History of U.S. Military Machine Guns: Part 3
Vietnam War—Present Day
By the end of World War II, engineers largely had the concept of the machine gun figured out. Air-cooled designs now functioned well at high rates of fire, and strategies for effectively using suppressing fire had been developed and battle tested. As with the progression of any technology, guns got smaller and lighter as time went on. At this point in machine gun history, nearly all the firearms used by the U.S. were largely just improved versions of earlier actions, usually those created by the late John Moses Browning.M60 General Purpose Machine Gun (1957)
After World War II, there was a push for a new, lighter machine gun that could be more easily used at the infantry level, and still serve multiple roles as a fixed-position gun. To that end, development of the M60 machine gun started in the late 40s. The design capitalized on captured German technology from the FG 42 and MG 42, as well incorporating influences from the failed M1941 Johnson LMG.
The FG42 was basically an improved Lewis Gun, with the Germans building upon the effective design by the American inventor. American engineers would borrow from that, copying the overall layout, bolt, and gas piston system. The MG 42 struck fear into the hearts of American G.I.s with its exceptional rate of fire, earning the nickname Hitler’s Buzz Saw, because of its distinctive sound. The belt feed components and top cover were appropriated from this design for the M60.
Early prototypes, such as the T52 and T161, looked like a child born from marriage of the M1941 Johnson LMG and the FG 42. The sum of these parts was a gas-operated, air-cooled, belt-fed machine gun capable of full-auto fire only. Of particular note is the unique gas system, which used the “gas expansion and cutoff” principle also found in the M14.
This system was simpler than many of its contemporaries, and was particularly easy to clean. The resultant gun was known as the T161E3, which was changed to M60 when the U.S. Army officially adopted it in 1957. The new weapon fired 7.62x51mm NATO from an open-bolt at a rate of 550 rounds per minute.
The M60 would become the face of Vietnam conflict, finding its way into the bush and skies alike, with all branches of service. It served as the door gun in the infamous Huey helicopter that both put many in harms way as well as ushering them to safety.
The gun was nicknamed “The Pig,” by grunts in the field, though the origins of that nickname are a bit muddy. Some say the gun earned the moniker because of its 24-pound weight, while others contend that the sound it made resembled that of a hog.
One thing is certain, every member of a squad would carry 200 rounds of belted ammo to feed The Pig, with some carrying spare barrels as well.
The original M60 was designed to be a crew-served machine gun, with one man shooting, and another feeding the ammo belt. Later variants made the system much easier to operate by one person.
The gun used 7.62 NATO ammunition in a disintegrating belt held together by M13 links, which replaced the M1 links used with the M1917 and M1919 Browning machine guns in the mid 20th century.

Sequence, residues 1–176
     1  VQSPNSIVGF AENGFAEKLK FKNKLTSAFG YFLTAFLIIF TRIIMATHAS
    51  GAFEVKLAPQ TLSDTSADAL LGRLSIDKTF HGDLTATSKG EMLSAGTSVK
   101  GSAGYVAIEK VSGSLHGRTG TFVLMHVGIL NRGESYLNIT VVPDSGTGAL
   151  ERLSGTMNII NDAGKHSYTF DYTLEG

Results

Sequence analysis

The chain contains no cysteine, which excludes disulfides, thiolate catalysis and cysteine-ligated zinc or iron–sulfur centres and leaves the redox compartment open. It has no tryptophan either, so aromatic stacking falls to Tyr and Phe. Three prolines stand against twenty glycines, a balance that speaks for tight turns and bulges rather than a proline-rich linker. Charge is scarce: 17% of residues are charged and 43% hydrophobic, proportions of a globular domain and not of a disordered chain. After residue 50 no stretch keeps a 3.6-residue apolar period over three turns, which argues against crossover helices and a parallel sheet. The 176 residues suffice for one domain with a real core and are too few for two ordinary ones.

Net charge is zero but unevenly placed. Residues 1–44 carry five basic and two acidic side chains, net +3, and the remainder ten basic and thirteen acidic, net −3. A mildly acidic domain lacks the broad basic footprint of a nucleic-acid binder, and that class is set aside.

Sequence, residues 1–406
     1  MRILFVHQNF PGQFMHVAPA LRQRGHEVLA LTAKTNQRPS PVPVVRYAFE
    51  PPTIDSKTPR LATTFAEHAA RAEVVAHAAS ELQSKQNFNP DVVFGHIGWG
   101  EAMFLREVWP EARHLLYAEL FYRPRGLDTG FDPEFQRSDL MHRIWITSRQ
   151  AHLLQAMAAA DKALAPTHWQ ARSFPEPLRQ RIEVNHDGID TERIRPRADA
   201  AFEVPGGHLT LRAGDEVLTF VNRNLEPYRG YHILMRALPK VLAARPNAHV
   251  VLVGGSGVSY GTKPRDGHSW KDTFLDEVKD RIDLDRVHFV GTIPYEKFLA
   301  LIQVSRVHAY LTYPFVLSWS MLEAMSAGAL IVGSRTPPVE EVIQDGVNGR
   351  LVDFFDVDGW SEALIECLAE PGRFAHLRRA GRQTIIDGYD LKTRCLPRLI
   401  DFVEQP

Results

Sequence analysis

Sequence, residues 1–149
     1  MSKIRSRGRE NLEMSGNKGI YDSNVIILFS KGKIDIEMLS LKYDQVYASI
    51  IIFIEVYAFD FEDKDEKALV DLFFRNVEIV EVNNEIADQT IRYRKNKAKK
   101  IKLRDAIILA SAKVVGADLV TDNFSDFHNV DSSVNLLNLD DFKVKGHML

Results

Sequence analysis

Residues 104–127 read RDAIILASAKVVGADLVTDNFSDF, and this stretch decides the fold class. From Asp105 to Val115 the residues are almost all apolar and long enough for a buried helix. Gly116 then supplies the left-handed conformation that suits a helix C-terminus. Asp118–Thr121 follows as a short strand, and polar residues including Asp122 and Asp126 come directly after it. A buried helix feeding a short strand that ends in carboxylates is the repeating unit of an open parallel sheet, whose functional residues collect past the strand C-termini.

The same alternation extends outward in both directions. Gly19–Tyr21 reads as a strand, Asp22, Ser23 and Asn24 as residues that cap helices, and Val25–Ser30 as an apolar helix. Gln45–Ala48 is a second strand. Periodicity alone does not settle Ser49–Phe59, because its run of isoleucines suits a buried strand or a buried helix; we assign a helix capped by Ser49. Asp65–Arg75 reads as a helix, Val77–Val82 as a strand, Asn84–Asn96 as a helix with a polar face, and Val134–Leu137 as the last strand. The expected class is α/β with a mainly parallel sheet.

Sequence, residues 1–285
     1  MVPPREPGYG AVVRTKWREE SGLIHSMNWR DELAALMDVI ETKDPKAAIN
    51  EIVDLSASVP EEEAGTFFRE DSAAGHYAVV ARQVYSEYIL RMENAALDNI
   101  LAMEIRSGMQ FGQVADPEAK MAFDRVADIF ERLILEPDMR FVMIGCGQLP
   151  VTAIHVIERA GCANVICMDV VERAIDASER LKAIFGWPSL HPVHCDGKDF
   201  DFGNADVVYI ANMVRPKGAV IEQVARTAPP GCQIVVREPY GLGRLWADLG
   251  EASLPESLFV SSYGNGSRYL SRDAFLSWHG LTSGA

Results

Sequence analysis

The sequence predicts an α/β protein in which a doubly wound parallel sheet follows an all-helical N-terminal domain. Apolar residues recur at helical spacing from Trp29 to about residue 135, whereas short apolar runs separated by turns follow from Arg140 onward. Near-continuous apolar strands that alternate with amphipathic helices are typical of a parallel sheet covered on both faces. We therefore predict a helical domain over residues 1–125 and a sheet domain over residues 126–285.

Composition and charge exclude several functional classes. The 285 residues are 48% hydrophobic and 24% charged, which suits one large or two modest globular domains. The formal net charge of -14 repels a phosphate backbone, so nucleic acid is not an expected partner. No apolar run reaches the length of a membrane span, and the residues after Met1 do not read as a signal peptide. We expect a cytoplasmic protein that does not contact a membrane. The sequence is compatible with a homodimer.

Anyone that is an Alice in Chains fan likely knows the story about guitarist and lyricist Jerry Cantrell’s father, as told in the song Rooster. The gun the protagonist used was likely an M60D, a pintle-mounted variant of the M60 that saw service as the door gun in most of the choppers that visited sunny Southeast Asia during the Vietnam War.
It replaced the short-lived M60B, which was held by the gunner—obviously not a good solution. Unlike other models in the M60 line up, the D has spade grips. It also features a ring-type sight more typically found on aircraft guns.
To prevent helicopter engines from ingesting spent casings from the gun, which could cause a real problem, the M60D was fitted with a canvas brass catcher to intercept ejected casings and links before they caused an issue. The gun is most associated with the UH-1B Huey, but it also found its way onto the CH-47 Chinook, the ACH-47A, and on the UH-60 Black Hawk.
The M60D has been mostly replaced by the M240H on U.S. aircraft, but U.S. Ordnance-built M60Ds are still used on the SH-60 Seahawk.
Despite drawing on a number of successful firearms and serving through the Vietnam War and into the 1980s, the gun was not without its flaws. The fire control mechanism was known to fall out if jarred hard enough to defeat the single spring locking it in place. There were stories of M60 gunners reaching down to find their pistol grip and trigger missing, dropped somewhere a few miles back in the dense brush.
The gas system was held in place with a single nut, which could walk off with recoil and the heat of long strings of fire. This was remedied in the field by wiring the nut in place, which significantly slowed barrel changes.
The lack of a carrying handle also created issues when it came time to switching barrels. The Army issued an asbestos mitt to grab hot barrels, much like it did for the M1919 in WWII. But getting this glove on in the midst of a firefight was less than ideal.
Additionally, the way the action was designed required a metal part attached to the barrel to actually impact the bolt face during firing, sending it backward. This caused peening, which was remedied by regular filing to keep the guns running and often required replacement of the bolt after enough use.
The metal in the receivers was made relatively thin to save on weight. While many served well through Vietnam, later in life, when they’d had a few thousand rounds through them, they began to fail and spread apart. This was a particular problem in the 1980s when a lot of M60s were nearing the end of their lifespan.
The Army went back to the drawing board in an effort to rectify these issues. The first attempt was designated the M60E3. The first issue they sought to address was the gun’s weight, shaving ounces wherever they could to drop from 23 to about 18.5 pounds.
These reductions in weight also included making the barrel thinner, which required the cyclic rate to be turned down to 200 rpm.
Some claimed that the Stellite Superalloy barrel liner that was added made long strings possible, but the excessive heat generated usually shut down operation of the gun. To deal with this, two barrels were created, a lighter variant for infantry use and a heavier one more suited to prolonged suppressive fire from a fixed position.